The school, originally planned to open in September, will open in January 2014 because of construction delays, officials said. The 368 students who are enrolled in the school will attend classes in a modular structure and then transfer to the new building.
Shedric, one of 97 children vying for 48 spots in the kindergarten class, was wait-listed after participating in the lottery.
"I thought he was in there, for real, because the school is right there," Kearney said, waving in the direction of the school, which is closer to her house than her son's current school. "We need a protest or something. How [do] you have a raffle for kids to get into a school that's up the street?"
Stephanie Ruffner, whose North Chester Street home is a block from the new school but was in the next-to-last priority level, was among several parents who took Hopkins' and EBDI's characterization of a "neighborhood school" literally.
She believed incorrectly that she could simply register her students in June.
Now she's preparing to make life changes so that her kids, who have been wait-listed, can get in.
"I want to know if I get a job in housekeeping at Hopkins, if then my kids can go there," she added. "I would do that. Because they deserve better than they're getting."
The students' chances came down to a map hand-drawn by a committee of Hopkins and EBDI representatives and a contract that has grown to include five priority enrollment categories, up from two.
Originally, the school planned to give "families living in or relocated from the EBDI redevelopment area" first priority and then open it to families citywide, according to the school's original contract.
In July 2011, the city school board approved the Hopkins-Morgan partnership, in which Morgan, which specializes in science, technology, engineering and math curricula, would bring its manpower and knowledge about educating children from urban communities to the school.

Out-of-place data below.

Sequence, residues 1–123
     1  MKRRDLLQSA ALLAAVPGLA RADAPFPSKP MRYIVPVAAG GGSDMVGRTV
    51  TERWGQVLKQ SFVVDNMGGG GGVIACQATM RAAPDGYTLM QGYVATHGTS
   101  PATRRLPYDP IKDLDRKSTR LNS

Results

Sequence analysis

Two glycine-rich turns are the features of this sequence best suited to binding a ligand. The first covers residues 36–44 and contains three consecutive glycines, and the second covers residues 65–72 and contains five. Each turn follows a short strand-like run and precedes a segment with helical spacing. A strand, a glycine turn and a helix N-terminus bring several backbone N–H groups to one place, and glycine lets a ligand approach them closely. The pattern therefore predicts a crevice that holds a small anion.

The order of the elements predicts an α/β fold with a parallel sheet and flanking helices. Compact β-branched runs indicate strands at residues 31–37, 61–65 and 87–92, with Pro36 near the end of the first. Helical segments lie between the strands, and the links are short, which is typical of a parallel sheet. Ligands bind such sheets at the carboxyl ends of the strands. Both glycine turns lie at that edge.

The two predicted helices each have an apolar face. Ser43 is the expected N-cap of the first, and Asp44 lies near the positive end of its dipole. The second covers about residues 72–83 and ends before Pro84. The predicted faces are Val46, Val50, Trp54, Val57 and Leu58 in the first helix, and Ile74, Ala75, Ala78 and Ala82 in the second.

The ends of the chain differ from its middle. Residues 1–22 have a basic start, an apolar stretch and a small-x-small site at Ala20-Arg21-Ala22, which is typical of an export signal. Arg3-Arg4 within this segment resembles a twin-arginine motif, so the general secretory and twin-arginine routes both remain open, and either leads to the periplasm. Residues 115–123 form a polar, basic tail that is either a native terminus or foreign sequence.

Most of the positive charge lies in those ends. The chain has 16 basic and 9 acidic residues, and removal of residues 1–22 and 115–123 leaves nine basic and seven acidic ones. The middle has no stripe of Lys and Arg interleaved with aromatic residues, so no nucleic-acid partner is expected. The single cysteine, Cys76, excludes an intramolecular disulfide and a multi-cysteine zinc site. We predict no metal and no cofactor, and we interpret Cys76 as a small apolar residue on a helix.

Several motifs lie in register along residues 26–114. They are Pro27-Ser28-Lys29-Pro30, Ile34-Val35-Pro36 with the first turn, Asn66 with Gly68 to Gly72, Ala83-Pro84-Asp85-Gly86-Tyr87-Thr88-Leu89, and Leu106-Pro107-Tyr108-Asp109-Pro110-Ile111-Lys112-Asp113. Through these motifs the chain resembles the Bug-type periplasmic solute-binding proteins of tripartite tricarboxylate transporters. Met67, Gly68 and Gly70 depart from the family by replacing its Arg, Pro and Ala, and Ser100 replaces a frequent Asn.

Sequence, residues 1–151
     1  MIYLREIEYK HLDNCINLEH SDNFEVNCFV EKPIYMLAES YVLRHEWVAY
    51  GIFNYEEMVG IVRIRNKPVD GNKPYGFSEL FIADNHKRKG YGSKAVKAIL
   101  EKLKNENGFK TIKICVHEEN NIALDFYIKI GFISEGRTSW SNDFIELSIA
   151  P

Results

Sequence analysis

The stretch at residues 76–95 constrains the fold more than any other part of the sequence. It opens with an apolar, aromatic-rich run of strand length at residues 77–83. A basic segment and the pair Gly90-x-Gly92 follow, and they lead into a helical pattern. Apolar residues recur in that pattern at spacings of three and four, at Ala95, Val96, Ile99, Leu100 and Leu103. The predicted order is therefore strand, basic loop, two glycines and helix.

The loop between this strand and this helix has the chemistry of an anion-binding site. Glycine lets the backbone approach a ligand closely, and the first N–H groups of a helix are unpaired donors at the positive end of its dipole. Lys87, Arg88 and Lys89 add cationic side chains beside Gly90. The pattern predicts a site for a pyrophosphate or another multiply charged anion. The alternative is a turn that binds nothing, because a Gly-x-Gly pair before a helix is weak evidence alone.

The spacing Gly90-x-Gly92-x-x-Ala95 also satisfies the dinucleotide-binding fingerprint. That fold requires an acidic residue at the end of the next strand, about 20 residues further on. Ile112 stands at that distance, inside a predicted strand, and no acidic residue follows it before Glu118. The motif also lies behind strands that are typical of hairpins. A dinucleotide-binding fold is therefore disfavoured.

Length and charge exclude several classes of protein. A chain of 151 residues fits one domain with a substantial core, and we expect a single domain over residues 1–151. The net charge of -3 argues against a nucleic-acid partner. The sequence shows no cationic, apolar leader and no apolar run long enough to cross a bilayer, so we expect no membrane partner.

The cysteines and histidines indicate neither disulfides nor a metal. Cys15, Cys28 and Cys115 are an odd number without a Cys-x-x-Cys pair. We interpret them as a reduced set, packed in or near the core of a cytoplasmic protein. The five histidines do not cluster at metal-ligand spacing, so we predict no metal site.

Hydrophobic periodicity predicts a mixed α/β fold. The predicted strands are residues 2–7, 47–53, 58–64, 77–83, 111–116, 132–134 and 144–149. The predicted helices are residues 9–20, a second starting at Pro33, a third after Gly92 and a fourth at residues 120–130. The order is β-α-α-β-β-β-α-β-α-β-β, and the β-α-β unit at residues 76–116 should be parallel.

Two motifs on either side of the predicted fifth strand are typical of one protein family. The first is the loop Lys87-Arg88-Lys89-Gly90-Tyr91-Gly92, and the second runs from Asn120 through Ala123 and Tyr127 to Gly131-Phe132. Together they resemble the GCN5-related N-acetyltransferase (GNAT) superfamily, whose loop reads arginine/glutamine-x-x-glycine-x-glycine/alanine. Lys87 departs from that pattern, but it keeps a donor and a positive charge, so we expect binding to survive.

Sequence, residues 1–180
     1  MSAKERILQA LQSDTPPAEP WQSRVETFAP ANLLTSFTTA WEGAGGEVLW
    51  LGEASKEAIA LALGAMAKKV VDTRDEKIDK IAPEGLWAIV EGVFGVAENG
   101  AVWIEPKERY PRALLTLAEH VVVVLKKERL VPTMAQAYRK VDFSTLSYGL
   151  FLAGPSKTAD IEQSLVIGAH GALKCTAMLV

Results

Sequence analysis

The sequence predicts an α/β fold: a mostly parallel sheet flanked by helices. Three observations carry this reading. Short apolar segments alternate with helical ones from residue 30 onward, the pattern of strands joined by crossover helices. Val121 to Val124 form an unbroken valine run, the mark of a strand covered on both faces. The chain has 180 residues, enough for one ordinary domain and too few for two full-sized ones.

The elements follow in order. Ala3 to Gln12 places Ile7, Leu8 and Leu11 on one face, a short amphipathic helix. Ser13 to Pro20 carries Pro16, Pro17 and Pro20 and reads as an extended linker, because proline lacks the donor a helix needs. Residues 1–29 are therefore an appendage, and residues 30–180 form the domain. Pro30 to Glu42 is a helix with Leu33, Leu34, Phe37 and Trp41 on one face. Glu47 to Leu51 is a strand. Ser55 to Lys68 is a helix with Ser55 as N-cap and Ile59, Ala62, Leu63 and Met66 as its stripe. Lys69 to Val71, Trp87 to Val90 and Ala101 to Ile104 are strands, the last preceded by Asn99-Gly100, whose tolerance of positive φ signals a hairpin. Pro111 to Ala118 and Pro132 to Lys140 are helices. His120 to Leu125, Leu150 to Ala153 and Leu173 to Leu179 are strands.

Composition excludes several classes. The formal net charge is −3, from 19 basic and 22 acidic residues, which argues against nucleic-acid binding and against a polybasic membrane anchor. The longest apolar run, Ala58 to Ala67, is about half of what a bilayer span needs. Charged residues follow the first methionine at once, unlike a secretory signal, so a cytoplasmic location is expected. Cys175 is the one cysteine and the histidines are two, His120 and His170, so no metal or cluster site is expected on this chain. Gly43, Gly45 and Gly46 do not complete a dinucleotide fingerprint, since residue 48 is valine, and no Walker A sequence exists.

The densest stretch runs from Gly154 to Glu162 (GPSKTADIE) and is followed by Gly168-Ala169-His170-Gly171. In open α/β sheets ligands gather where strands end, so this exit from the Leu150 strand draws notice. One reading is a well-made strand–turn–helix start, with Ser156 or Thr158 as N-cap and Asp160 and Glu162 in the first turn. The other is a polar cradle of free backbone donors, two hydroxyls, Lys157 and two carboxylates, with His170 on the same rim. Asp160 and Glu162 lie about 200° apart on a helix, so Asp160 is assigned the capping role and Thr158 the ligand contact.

At the same time, the board also agreed to the operators' request to add more priority levels for admission, believing that it would ease overcrowding at other schools.
The students who currently attend the East Baltimore Community School and are from all over the city have first priority, along with the families who were displaced and those from a number of blocks called the "catchment area" that includes the EBDI redevelopment zone and blocks surrounding Hopkins institutions.
The East Baltimore Community School, which opened in 2009 in a trailer while the Henderson-Hopkins school is being built, was intended to serve children in the neighborhood. However, it was under-enrolled and opened its doors to students from across Baltimore.
Hopkins believed that students who had attended East Baltimore Community should be given the opportunity to attend the new school.
According to enrollment data provided by Hopkins in April, 65 of the 69 applications that were submitted in the first priority level were accepted.
Siblings of students who attend the school have second priority, a benefit a handful of charter schools extend to students. Nineteen of the 27 applications received in that category were accepted.
Children of people who work within the catchment area, which includes Johns Hopkins hospital and university and EBDI, are in the next priority level; 29 of the 65 applicants were accepted.
According to a memo from the school's operators, children of those who work within the "EBDI footprint" will make up 20 percent of the school's population.
The next set of spots was set aside for families whose children attend five neighborhood schools, like Ruffner's and Williams' children. Five of the 51 applications from those families were accepted.
Any remaining seats were to be open to students from across the city. None of the 120 applicants in that category was accepted this year because the school was full.
'We'll learn from it'
In addition to drawing boundary lines, an ad-hoc committee of Hopkins and EBDI representatives set the priority levels, according to Andy Frank, special adviser on economic development to Hopkins President Ronald Daniels.
Frank, who was part of that committee, said the school expanded the priority levels, in large part, to include more students from neighborhood schools, though very few ended up getting in.